In the preferred embodiment 10, the wall units 16 are specifically shaped to aid in alignment and stacking. As shown in FIGS. 1, 3 and 4, the wall unit top surfaces 28 include a horizontally disposed alignment channel 42. The alignment channel 42 of the preferred embodiment 10 is formed by identical, downward indentations 44 in each of the cavity walls 38. As is best illustrated in FIGS. 3 and 4, each of the indentations 44 includes two sloped channel sides 46 and a channel bottom 48. Corresponding to the indentation 44 in each cavity wall 38 is a key portion 50 that extends below the wall unit side walls 36. The key portion 50 has a complementary shape to the indentation 44, having two sloped key sides 52 and a key bottom 54. As is best illustrated in FIG. 1, when stacked, the key portions 50 of one wall unit 16 fit within the indentations 44 of the wall unit 16 below. Because each wall unit 16 is precast from a precision mold in a controlled process, the tolerances of critical features in the wall unit 16 shape, such as the indentations 44 and the key portions 50, are maintained, which ensures repeatable, precision stacking of consecutive wall units 16.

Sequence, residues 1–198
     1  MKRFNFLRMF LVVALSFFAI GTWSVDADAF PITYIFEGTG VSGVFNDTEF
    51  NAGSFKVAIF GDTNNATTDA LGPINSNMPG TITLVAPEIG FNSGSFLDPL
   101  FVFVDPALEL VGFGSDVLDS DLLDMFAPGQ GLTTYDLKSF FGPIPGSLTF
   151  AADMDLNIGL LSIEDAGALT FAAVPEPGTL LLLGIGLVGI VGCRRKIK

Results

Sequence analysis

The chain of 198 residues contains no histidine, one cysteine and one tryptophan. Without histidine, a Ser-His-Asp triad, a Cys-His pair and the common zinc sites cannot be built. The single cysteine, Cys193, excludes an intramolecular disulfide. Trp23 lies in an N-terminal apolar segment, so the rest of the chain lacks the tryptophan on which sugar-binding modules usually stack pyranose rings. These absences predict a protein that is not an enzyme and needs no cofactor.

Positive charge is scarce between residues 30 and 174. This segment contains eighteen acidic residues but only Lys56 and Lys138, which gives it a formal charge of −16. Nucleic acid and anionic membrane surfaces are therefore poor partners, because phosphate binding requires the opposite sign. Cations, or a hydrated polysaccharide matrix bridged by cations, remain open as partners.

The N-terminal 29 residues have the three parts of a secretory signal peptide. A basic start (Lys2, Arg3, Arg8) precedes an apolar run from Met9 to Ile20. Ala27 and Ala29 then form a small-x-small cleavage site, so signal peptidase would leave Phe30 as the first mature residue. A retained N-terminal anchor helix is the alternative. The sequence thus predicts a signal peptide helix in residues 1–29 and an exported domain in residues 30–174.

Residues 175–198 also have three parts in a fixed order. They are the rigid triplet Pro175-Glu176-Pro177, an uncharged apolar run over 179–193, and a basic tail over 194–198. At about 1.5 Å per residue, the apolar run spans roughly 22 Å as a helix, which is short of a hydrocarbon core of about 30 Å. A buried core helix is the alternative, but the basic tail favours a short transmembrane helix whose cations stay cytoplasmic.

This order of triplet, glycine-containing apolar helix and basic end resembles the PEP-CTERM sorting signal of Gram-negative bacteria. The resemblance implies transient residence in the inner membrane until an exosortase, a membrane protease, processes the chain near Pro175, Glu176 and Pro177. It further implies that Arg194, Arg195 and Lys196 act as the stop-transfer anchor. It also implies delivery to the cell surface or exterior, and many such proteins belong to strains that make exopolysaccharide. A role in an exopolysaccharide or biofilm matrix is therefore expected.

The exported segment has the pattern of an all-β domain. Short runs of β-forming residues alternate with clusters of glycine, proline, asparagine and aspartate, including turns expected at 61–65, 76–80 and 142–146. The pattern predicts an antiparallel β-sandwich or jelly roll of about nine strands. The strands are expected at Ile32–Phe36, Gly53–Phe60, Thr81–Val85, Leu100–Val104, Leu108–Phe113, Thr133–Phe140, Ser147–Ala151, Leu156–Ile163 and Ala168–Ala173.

Within each wall unit 16 of the preferred embodiment 10 is a reinforcement structure 56. The reinforcement structure 56 is illustrated in the partial cutaway view of FIG. 1 and the cross sectional views of FIGS. 3 and 4. Disposed within each wall unit side wall 36 are three parallel, horizontal tension cables 58. The tension cables 58 are pretensioned and cast in place when the wall units 16 are formed. The tension cables 58 place the entire wall unit 16 under compression when formed, which adds to the structural integrity of the wall unit 16 and reduces undesirable cracking and spalding. In addition to the tensioning cables 58, the reinforcement structure 56 of the preferred embodiment 10 also employs reinforcing stirrups 60. Each stirrup 60 is disposed within a cavity wall 38 and wraps around the tension cables 58. The tension cables 58 and stirrups 60 of the preferred embodiment 10 are constructed of steel. One skilled in the art would recognize that the number and type of tensioning cables 58 and stirrups 60 can vary according to desired wall unit 16 strength and material. It would also be recognized that while the preferred embodiment 10 includes the reinforcement structure 56, such a design is not critical to the invention 10. Wall units 16 without stirrups 60 may be employed where appropriate for the load and structural requirements of the application.